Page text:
In July 2006, Twitter went live with a 140-character limit and a dream. A mere four months later, a user noted that there was no edit button. And users have been screaming for one ever since. Or, in the language of Twitter, s c r e a m i n g. Or maybe screaminnnggggggg, depending on the day.
Oops, was that one too many g's to make the point? Too bad! Once your tweet is published, it's been a no-take-backs situation for a decade and a half. People born on the same day as Twitter can legally drive a car in the United States, but they still can't edit a tweet. Founder Jack Dorsey said as recently as 2020 that there would never be an edit button on Twitter.
But it's 2022 and Jack Dorsey stepped down from Twitter's board of directors in May. Then Sept. 1, Twitter announced that it's slowly rolling out an edit button ... in some places. (Coincidence? Who knows or cares!) But the edit button is just for some people. For now.
Why Twitter Is Getting a
Diet Edit Button
The company says an edit button is its most requested feature, which is a surprise to absolutely no one who has ever written or even just read a tweet or, especially, a tweet thread. Users will be allowed to edit a tweet "a few times," according to Twitter's blog, within 30 minutes of hitting "send." The edited tweet will say "last edited" with a date and time stamp, and users will be able to see past versions of the tweet.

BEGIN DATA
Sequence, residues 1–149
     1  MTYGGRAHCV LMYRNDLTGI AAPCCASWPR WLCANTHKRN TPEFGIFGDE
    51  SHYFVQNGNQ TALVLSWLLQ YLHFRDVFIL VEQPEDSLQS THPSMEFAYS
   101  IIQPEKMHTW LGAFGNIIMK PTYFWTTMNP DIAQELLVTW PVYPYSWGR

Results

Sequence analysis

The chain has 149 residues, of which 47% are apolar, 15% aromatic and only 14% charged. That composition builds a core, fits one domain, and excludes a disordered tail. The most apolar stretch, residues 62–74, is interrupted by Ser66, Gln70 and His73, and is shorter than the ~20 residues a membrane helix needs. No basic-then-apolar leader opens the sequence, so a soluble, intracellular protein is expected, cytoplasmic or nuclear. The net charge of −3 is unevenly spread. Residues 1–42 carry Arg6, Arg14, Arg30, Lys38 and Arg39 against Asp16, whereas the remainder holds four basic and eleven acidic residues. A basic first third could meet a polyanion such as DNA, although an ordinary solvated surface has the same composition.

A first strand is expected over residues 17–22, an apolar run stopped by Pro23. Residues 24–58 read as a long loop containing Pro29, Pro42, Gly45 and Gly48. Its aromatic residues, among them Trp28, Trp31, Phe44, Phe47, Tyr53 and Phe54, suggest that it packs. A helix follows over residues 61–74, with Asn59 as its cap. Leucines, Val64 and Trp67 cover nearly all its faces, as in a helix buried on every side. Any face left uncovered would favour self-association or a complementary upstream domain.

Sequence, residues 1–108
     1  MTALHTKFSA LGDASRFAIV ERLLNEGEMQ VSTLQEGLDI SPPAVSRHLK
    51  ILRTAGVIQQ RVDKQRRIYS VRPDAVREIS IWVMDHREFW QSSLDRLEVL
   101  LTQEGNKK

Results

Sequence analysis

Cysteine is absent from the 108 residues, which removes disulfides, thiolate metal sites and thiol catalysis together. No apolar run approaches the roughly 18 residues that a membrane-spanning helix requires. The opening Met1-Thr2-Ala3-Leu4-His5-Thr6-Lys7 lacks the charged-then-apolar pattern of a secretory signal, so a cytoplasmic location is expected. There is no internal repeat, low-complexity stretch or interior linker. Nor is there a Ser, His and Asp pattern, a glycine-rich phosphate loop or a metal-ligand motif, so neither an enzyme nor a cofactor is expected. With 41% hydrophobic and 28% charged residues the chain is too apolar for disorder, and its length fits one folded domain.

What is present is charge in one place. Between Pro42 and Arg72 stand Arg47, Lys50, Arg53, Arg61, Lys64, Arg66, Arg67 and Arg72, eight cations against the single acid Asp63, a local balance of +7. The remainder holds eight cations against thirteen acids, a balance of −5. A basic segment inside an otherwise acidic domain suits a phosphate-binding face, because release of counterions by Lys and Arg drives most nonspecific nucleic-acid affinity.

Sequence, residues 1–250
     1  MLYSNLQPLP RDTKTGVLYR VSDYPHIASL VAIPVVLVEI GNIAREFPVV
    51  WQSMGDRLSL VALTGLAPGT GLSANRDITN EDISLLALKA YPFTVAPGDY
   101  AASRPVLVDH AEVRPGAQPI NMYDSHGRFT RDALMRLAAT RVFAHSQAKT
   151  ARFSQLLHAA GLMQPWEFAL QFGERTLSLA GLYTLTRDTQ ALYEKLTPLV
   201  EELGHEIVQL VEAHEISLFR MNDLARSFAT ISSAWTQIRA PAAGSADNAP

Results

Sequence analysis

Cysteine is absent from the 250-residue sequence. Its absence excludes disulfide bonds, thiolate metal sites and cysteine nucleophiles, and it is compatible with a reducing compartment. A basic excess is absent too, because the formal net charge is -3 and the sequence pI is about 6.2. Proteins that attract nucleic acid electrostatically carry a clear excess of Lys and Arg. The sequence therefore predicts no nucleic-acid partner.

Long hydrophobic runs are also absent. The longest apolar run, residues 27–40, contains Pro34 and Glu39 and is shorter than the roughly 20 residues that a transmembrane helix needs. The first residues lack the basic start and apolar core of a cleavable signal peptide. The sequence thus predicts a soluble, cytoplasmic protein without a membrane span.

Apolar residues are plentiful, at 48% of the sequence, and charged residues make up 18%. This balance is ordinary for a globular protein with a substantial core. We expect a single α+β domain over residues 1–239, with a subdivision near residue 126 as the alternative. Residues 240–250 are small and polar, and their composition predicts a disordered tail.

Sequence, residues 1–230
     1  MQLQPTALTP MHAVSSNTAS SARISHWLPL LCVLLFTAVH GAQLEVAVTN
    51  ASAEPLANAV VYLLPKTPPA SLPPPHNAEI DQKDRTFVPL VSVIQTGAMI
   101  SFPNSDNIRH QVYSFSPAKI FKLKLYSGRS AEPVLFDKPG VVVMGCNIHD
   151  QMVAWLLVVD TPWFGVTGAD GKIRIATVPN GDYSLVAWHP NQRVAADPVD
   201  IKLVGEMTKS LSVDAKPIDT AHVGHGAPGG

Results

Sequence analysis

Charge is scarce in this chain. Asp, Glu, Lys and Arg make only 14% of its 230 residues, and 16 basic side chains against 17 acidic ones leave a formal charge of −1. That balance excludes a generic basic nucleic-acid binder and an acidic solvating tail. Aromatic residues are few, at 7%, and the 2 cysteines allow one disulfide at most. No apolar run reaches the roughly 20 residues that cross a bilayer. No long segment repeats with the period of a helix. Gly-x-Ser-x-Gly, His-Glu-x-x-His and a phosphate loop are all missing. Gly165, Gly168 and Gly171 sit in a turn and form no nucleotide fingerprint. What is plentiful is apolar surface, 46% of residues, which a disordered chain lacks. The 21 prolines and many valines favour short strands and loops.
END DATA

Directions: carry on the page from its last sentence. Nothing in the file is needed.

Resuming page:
So while the latest iteration of your 280-word masterpiece/hot take (the character limit was raised in 2017) will be the one that shows up in timelines, your errors will still be discoverable.
Twitter says the idea is to fix typos and add hashtags that you forgot. But users of the site are worried that people will bury their bad takes (racism, homophobia, harassment — if you're on Twitter you know the drill) under five layers of fixes. This could be especially bad if public figures start gaming the system, but the visibility of edits seems like a way to hold tweeters accountable.
Other social media, including Facebook and Instagram, let users edit their posts without any kind of retroactive visibility letting viewers see the error of one's ways. In its blog post, Twitter said its testing "includes how people might misuse the feature. You can never be too careful." So they seem to have read some of the comments about the casting of Amazon's "Lord of the Rings" series.
The first test group is limited to Twitter Blue subscribers in New Zealand, who pay US$5 per month for extra features. If the Kiwis can behave themselves, the edit button will come to users in the U.S., Canada and Australia.